Gordon Hall, co-founder of Rockstar Leeds, has died aged 51.
Hall - who founded Möbius Entertainment in 1997 before it was bought by Take-Two and turned into Rockstar Leeds in 2004 - worked on games like Red Dead Redemption and Grand Theft Auto: Liberty City Stories.
Hall began his career by developing Commodore 64 game Force One in 1987, which he later sold for £2000. He had worked as studio president at both Rockstar Leeds and Rockstar San Diego, and had latterly been chief creative officer for Activision Blizzard Mobile at The Blast Furnace.
“I could fill books with our tales of our adventures – and the crazy thing is so could hundreds of others too, his heart was so big,” Jason McGann, fellow co-founder of Möbius Entertainment and Rockstar Leeds, told Game Republic (opens in new tab), a North England games industry network (thanks, Eurogamer (opens in new tab)).
“For me, the time I spent living with him in Harrogate through the mid-to-late 90s are my fondest memories; we were both broke, young, free and hungry for success. We’d work hard and play hard – we’d make our plans, and with someone like Gordon, we always got them done (one way or another).”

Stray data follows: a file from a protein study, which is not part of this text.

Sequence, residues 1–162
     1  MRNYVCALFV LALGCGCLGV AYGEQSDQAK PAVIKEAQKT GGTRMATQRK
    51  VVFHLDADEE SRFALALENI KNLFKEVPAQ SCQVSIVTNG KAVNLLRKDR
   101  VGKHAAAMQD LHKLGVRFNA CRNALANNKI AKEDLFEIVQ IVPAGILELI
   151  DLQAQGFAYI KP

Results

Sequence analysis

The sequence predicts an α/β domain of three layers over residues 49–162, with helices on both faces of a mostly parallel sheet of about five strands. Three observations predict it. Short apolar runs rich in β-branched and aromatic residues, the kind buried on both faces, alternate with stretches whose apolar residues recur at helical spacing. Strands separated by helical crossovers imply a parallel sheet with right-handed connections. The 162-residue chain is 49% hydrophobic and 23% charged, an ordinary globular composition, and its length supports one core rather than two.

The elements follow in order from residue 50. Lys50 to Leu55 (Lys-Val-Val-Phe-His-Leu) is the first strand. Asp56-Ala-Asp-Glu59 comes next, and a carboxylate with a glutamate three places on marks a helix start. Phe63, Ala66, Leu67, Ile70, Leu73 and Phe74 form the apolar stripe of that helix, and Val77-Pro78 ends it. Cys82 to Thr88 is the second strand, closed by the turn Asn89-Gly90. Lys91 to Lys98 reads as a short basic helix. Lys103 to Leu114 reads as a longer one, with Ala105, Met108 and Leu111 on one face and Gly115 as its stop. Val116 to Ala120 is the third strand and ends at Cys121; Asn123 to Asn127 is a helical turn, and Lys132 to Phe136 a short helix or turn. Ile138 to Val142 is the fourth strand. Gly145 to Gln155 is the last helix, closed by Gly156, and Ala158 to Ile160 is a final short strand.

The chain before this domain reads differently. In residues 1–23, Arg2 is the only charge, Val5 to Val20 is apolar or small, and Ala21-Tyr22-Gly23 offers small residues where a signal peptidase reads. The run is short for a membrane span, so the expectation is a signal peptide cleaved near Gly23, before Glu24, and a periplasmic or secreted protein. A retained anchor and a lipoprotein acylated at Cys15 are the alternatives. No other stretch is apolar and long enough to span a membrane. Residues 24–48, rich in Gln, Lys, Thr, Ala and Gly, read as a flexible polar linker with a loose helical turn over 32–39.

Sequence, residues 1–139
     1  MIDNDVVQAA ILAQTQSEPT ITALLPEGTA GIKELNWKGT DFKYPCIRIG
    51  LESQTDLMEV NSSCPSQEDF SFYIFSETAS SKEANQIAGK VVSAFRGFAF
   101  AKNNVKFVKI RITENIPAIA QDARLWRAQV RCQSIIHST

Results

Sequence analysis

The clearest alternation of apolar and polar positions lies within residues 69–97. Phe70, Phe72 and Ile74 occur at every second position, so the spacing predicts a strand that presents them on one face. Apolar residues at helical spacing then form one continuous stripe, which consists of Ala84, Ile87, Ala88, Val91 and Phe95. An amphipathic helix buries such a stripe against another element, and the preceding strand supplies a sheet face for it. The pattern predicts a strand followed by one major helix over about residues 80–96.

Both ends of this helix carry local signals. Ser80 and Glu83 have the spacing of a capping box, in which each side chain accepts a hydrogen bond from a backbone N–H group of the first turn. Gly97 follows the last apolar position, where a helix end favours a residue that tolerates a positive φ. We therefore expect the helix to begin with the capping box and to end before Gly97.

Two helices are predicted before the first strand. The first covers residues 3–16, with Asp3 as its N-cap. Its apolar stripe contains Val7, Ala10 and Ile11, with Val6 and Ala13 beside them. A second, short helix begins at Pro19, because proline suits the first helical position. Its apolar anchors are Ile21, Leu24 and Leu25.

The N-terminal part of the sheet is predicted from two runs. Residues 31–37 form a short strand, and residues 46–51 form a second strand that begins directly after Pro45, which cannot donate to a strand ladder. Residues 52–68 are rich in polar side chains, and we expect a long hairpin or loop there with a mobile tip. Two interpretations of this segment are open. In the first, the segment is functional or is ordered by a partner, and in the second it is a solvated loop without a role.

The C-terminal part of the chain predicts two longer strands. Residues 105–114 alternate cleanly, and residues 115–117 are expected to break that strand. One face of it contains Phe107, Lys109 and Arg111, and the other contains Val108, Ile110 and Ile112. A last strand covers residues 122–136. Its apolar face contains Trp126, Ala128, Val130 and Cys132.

"Gordon was simply brilliant to be around, incredibly motivating and ever positive," added friend and former colleague Martyn Brown, who co-founded Team17 and now works at Five Aces Publishing.
"I saw many times first-hand how he worked with people and lifted their capabilities above and beyond, driving his team, project, and company to unbelievable heights of success.
"He was an incredibly generous soul who spent a lot of time encouraging all, especially students at local universities."
Talking to the BBC (opens in new tab), a Rockstar representative added: "We were very saddened to hear of the recent passing of Gordon Hall.
"During his time with us, Gordon helped create some truly amazing games and was instrumental in the creation of the classic, Grand Theft Auto: Chinatown Wars. May he rest in peace. Our condolences go out to his family and friends for their loss."